Every marriage relationship experiences conflict. Sometimes it can be healthy conflict. Many times it can be destructive conflict. I have already written about preventing destructive conflict here.
James 4:1-2 is well-known, but often not thought of when it comes to the marriage relationship. This verse can provide some special help in understanding your last conflict and moving towards a more positive discussion next time.
What causes fights and quarrels among you? Don’t they come from your desires that battle within you? You desire but do not have, so you kill. You covet but you cannot get what you want, so you quarrel and fight. You do not have because you do not ask God. James 4:1-2
Let’s take this phrase by phrase.
1. The Question. What causes quarrels and what causes fights among you?
James starts with a rhetorical question, but we should stop and examine it. During a disagreement with our spouse, we think the answer to this question is easy—my spouse! He or she is the cause of this disagreement. He just will not see things my way and is stubborn. Or she is just so thoughtless and inconsiderate.
But now James will go on to tell us what causes fights and quarrels.
2. Answer 1: Inner Turmoil. Don’t they come from your desires that battle within you?
One set of fights can come because we are inwardly in turmoil. Perhaps there is stress at work. Or someone criticized us at church. Or we are jealous of what we have just seen on social media. And this internal turmoil causes us to lash out at the one closest to us.
3. Answer 2: Competing Desires. You desire but do not have, so you kill. You covet but you cannot get what you want, so you quarrel and fight.
Here James provides a second answer to his rhetorical question. It is our desires that lead to outward clashing. This rhetorical device is an obvious reference to Jesus teaching on anger as murder (Matt 5:21-22). It is doubtful the early church was actually murdering each other! James is saying that is our desires are causing us to get sinfully angry with one another.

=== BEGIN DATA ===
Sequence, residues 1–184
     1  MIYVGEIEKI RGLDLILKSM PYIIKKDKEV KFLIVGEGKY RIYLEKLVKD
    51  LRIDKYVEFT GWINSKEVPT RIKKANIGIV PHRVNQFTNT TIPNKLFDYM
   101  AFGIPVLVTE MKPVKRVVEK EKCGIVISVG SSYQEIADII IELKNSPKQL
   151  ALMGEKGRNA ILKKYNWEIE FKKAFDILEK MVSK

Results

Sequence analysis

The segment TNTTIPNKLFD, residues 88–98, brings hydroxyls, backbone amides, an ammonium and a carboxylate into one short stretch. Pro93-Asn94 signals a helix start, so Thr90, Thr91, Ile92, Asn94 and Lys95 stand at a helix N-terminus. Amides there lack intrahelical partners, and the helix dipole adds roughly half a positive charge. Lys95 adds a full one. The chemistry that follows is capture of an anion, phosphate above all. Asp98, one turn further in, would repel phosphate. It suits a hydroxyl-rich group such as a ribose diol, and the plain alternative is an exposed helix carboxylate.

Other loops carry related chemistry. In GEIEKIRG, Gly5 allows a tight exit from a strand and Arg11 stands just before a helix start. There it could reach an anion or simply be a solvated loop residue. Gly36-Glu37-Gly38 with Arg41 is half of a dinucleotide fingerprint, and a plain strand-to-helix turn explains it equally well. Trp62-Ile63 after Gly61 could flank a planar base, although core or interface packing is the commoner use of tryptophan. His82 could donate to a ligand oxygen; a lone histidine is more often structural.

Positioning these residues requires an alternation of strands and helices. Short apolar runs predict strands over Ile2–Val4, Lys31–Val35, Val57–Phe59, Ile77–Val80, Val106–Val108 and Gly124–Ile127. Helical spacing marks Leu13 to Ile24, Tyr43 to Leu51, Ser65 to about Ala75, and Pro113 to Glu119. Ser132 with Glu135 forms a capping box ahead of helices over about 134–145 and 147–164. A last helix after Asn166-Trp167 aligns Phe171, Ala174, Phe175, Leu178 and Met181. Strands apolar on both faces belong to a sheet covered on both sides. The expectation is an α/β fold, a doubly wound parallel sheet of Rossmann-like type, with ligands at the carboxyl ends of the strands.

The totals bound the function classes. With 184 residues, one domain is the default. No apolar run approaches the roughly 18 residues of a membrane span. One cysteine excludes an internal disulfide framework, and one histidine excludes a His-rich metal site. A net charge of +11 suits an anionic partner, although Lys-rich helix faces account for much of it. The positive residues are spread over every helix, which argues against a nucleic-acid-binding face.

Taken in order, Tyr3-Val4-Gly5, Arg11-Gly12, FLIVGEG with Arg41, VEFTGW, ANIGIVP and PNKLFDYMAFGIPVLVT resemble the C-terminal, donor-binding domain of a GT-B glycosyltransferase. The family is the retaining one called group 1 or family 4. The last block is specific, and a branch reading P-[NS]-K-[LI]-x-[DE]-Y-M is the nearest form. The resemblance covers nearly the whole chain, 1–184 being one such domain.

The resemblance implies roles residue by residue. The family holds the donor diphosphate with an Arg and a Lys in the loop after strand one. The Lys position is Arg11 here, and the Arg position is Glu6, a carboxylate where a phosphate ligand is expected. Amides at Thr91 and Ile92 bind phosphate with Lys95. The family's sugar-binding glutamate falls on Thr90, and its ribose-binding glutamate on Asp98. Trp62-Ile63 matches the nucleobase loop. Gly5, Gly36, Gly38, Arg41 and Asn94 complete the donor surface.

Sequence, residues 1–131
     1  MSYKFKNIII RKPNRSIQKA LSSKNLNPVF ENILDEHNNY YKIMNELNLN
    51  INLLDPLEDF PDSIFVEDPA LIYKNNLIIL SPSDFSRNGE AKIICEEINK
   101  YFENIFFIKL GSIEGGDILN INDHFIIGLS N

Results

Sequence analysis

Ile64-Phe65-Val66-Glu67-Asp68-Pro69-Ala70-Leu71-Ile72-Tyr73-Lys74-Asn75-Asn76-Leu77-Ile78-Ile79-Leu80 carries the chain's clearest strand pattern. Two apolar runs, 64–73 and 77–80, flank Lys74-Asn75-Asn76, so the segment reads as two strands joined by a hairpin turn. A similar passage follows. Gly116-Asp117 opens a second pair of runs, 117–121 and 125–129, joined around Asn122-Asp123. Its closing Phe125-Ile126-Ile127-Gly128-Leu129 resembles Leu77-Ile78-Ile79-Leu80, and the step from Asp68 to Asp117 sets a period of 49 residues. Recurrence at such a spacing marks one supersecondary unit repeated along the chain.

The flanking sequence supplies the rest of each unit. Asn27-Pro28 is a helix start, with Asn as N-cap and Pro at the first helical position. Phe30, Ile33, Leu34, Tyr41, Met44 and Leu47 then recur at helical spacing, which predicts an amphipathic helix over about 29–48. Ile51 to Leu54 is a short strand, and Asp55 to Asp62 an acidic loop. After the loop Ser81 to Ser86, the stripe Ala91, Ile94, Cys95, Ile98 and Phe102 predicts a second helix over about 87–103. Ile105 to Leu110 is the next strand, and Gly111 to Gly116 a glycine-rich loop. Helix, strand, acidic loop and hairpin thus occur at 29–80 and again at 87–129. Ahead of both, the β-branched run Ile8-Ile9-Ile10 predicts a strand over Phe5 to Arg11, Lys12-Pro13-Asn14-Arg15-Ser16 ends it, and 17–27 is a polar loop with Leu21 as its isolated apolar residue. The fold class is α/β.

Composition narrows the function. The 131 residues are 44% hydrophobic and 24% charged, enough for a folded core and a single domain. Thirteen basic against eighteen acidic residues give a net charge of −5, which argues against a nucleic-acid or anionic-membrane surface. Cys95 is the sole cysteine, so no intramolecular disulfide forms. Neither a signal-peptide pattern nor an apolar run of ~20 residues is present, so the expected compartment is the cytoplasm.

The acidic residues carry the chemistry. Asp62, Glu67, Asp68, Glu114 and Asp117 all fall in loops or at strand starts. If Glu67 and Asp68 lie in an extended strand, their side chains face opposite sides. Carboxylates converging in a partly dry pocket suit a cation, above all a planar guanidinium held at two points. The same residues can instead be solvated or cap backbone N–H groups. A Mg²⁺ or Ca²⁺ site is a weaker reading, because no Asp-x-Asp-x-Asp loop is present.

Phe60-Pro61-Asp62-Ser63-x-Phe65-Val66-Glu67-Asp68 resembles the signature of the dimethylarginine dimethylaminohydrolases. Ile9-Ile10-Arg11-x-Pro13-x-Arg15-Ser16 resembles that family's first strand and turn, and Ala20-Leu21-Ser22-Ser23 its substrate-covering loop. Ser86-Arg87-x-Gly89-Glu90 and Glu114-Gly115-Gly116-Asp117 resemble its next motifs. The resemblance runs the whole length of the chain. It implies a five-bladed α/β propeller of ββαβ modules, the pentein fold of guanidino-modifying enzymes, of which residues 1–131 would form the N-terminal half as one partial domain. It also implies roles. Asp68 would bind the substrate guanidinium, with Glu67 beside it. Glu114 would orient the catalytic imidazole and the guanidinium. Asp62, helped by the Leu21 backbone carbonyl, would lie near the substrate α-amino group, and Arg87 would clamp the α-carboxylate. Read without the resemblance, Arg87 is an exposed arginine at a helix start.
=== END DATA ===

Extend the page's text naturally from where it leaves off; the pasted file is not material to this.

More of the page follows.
What James has done is drill down to the heart of a disagreement—clashing desires. She wants to move; he doesn’t. He wants their son to play football; she doesn’t. She wants to eat out; he doesn’t.
So what is the answer? Will James argue for some Zen-like, desireless existence? That is not the case at all. There are good desires as well as bad. There are also desires that are neither good nor bad, just different.
Understanding the desires underneath the disagreement can help us understand each other. I have written about the difference in positions and interests here and in The Disciple-Making Parent.
Turning Arguments into Prayer
While understanding desires is helpful, it is not enough. James goes on to prescribe prayer.
4. Solution 1: Prayer. You do not have, because you do not ask God.
In other words, just as an argument is a prompt to dig deeper for the desire, it is also a prompt to pray. When I have a disagreement, I should also sense a growing desire to pray.
How can prayer help?
a. We can pray for understanding of our inner turmoil. Remember the earlier point about fights coming from passions at war within us? We can bring that turmoil to the Lord in prayer. Perhaps we should “externally process” the inner turmoil with the Lord before we dump on our spouse.
b. We can pray separately about the competing desires. If the conflict involves different large issues with our spouse, then we should make them a matter of private prayer. We can bring the conflict we are having (for example, “Should we move?”) and ask the Lord to either change the other person’s heart or to change ours. We can ask him to give us insight into his mind on this issue.
c. We can pray together about the competing desires. Finally, a third option is to make the disagreement a matter of prayer together. Calmly go before the Lord in prayer. You could say something like, “Lord, we are disagreeing over this issue. Would you lead us forward? Would you help each of us see what we are not seeing? Show us what you want us to do.”
How we work through conflict shows off the gospel to our children. We don’t want our children, when they become adults, to tell others, “My parents were constantly fighting.” Instead, we want them to say, “They were very different people but the Lord helped them work through those differences.”